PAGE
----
Town Mountain- Southern Crescent review   2 comments


SouthernCrescentCover-e1457723219310-300x262Town Mountain Southern Crescent LoHi Records

To suggest bluegrass music is at a railway crossing of style and substance at this particular moment in its 70-plus history is to not have been listening for the past several decades.

Bluegrass has been simmering and evolving since the beginning, and although some of the changes were not as apparent to many, whether because they were temporary, ill-advised, or not enthusiastically influential, [ed. note: or, just plain stupid] with the world smaller than ever all adjustments are now given the opportunity to be perceived by the wider listening population. There should be room for all spectrums of bluegrass, and Town Mountain is staking out its own little territory.

Town Mountain, a hard-driving Asheville, NC outfit, has produced their fifth album. Southern Crescent isn’t so much a departure from their previous albums, especially 2012’s excellent Leave the Bottle, as it is an intense continuation of their southern influences and hard-scrabble bluegrass sound. As raucous as this approach is, there is a place within the (sometimes) staid and constrained bluegrass community for exactly this type of music. It isn’t trying to be country, it sure isn’t leaning toward easy listening, NPR pap—it is bluegrass, just not the type favoured by Bill Monroe. For that matter, it isn’t of the flavour projected by Doyle Lawson, Rhonda Vincent, Lonesome River Band, or most of today’s mainstream headliners.

With Dirk Powell co-producing, it isn’t surprising that the group’s sound fully embraces Americana sounds, be they via the 70s (The Band, most obviously) and today—is there anyone else working this seam as effectively outside The SteelDrivers? While embroidering their approach with threads of different colours, Town Mountain doesn’t neglect the foundational fabric. When Town Mountain is on the stereo, there is no modern, progressive bluegrass band I would rather be listening to—the windows fly open, the sun streams in, and the cats are allowed to race about the place!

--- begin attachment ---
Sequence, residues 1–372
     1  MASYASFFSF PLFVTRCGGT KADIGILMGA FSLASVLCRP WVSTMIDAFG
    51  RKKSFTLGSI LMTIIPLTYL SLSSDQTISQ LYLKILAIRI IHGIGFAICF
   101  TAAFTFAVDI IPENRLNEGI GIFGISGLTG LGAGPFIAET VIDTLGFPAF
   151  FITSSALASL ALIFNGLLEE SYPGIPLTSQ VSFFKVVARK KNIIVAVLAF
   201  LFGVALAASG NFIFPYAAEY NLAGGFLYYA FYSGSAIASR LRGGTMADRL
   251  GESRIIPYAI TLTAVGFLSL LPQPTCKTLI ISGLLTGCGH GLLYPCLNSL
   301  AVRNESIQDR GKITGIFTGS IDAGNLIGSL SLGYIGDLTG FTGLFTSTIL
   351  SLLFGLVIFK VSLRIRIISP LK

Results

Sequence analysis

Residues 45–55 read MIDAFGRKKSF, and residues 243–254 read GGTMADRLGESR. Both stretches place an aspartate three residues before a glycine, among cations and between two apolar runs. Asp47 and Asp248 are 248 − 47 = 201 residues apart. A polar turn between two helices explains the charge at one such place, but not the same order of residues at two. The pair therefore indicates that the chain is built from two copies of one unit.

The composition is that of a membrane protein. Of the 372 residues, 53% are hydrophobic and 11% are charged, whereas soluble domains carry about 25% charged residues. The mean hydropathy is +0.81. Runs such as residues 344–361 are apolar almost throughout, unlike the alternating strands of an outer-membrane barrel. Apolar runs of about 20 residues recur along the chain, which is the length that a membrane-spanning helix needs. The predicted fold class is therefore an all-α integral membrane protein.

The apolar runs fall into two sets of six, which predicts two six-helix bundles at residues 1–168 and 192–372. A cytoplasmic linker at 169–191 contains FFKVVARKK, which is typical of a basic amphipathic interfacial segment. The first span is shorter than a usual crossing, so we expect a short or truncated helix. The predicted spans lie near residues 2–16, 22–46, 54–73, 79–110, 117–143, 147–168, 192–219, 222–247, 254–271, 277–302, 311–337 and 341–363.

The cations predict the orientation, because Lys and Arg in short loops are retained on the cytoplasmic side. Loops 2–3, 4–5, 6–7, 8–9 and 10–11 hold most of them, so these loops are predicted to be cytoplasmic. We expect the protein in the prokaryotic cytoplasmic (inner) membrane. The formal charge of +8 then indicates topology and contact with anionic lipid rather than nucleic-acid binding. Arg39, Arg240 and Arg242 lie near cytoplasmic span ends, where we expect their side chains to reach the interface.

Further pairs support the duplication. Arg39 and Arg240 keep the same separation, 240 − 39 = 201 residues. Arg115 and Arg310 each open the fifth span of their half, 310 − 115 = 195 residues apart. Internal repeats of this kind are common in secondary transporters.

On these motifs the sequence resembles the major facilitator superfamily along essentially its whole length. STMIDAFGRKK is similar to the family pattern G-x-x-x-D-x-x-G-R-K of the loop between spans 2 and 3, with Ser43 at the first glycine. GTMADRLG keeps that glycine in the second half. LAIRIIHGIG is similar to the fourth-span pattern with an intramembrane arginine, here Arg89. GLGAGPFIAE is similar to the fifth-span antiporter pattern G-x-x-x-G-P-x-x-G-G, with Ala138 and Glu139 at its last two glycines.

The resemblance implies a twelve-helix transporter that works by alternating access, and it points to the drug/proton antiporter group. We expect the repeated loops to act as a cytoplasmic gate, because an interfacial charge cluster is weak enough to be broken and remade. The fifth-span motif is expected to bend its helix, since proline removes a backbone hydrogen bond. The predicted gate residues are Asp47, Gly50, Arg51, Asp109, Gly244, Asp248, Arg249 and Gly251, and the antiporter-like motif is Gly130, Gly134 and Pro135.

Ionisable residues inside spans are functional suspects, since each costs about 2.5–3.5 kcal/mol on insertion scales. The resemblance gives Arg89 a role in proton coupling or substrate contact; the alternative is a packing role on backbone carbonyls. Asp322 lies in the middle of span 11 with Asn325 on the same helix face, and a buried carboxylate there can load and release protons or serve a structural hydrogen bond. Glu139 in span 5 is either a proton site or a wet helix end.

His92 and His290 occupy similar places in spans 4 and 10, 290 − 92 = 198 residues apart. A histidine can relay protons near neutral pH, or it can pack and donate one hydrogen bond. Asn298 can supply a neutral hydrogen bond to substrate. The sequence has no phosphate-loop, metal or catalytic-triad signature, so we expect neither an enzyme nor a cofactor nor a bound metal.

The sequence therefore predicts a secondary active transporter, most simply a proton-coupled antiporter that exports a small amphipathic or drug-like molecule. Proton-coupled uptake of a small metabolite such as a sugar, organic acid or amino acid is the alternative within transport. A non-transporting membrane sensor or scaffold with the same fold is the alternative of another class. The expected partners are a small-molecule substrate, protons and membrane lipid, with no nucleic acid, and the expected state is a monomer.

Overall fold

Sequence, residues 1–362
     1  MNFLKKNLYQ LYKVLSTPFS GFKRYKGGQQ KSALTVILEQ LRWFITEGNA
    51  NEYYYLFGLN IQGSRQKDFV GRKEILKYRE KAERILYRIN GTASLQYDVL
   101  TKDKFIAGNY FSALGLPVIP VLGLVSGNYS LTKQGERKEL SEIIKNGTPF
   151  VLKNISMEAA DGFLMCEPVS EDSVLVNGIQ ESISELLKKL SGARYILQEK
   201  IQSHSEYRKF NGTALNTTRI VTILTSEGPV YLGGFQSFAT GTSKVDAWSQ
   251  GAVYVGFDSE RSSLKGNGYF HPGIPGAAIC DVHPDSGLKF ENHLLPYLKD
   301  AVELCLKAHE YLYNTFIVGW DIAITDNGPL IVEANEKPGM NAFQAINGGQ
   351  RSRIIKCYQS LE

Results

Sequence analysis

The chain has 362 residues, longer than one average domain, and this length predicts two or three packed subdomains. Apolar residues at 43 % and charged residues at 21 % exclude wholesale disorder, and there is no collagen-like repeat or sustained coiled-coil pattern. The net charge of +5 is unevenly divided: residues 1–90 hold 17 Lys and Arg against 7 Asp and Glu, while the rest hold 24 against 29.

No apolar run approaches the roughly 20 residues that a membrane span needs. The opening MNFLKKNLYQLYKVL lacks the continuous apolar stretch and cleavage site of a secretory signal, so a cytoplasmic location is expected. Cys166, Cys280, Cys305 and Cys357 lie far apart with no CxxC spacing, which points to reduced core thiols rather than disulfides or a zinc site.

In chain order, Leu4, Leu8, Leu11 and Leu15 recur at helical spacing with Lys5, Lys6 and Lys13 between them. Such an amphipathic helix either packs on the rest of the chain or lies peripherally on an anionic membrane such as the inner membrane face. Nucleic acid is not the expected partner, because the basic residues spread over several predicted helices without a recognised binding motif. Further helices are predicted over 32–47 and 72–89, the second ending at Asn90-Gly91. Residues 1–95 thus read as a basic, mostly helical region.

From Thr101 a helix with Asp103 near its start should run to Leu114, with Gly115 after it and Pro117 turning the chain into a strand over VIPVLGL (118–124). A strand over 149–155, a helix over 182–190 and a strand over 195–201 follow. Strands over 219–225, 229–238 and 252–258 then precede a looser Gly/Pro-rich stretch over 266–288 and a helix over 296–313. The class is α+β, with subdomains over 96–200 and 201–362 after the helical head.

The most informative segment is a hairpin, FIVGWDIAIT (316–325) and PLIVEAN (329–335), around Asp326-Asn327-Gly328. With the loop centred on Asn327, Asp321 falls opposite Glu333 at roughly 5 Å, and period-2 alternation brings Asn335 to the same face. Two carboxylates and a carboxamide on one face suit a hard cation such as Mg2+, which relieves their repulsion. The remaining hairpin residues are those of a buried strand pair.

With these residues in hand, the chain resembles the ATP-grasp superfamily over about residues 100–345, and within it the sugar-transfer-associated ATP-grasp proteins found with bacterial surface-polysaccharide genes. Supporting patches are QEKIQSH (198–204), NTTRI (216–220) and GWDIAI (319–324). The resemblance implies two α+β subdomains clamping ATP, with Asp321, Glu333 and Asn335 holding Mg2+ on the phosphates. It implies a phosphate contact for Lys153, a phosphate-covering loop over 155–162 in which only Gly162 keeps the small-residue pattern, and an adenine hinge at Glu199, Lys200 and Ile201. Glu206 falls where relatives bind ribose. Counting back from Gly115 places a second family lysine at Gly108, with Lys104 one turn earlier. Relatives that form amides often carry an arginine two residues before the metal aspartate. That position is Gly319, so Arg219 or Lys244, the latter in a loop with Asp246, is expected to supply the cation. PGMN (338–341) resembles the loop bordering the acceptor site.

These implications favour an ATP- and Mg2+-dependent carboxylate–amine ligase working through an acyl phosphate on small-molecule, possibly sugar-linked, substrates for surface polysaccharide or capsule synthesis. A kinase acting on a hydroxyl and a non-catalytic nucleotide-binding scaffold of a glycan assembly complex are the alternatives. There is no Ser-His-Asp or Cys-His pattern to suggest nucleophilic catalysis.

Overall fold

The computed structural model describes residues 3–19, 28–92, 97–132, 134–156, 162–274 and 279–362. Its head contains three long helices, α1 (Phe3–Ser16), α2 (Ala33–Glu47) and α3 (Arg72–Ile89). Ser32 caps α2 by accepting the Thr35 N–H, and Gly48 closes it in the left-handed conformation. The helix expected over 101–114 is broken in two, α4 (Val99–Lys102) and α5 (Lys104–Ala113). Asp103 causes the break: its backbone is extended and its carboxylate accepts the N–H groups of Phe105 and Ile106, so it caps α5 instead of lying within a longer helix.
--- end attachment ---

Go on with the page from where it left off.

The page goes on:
Opening with the fiddle theme “St. Augustine,” (Bobby Britt) a nod to the customs of the music when radio shows and live sets opened with similar touches, Southern Crescent is a thoroughly modern approach to the traditions of the music. Yes, Powell plays drums on five tracks (but, not in a way that distracts) and there is piano on a single cut. There aren’t an abundance of G-runs or other obvious ‘grass trappings. Rather than ‘high and lonesome,’ Town Mountain go low and aggressive.

What Southern Crescent reveals is an energetic, driving approach to acoustic music. The band members all take their breaks, and there are plenty of nice fills to augment their collective sound. Vocals, whether from Phil Barker (mandolin,) Jesse Langlais (banjo,) or Robert Greer (guitar,) are this side of gruff, unadorned by prettification: they sing like your cousin Jake, and Jake is a darned fine singer. When Greer starts in about “if you got the notion, I’m willing and able” in “House with No Windows,” you are ready to cut and run with him no matter where it leads.

With songs like “Wildbird” and “Long Time Comin’” preventing mid-album doldrums from settling in, the now four-piece (Jon Stickley has departed to front his own group, and bass is handled by Nick DiSebastian) ably demonstrate that they are unique. By the time they arrive at “Whiskey With Tears,” one is ready to recommend them to country radio not because they sound like they belong there, but because you wish radio sounded like Town Mountain.

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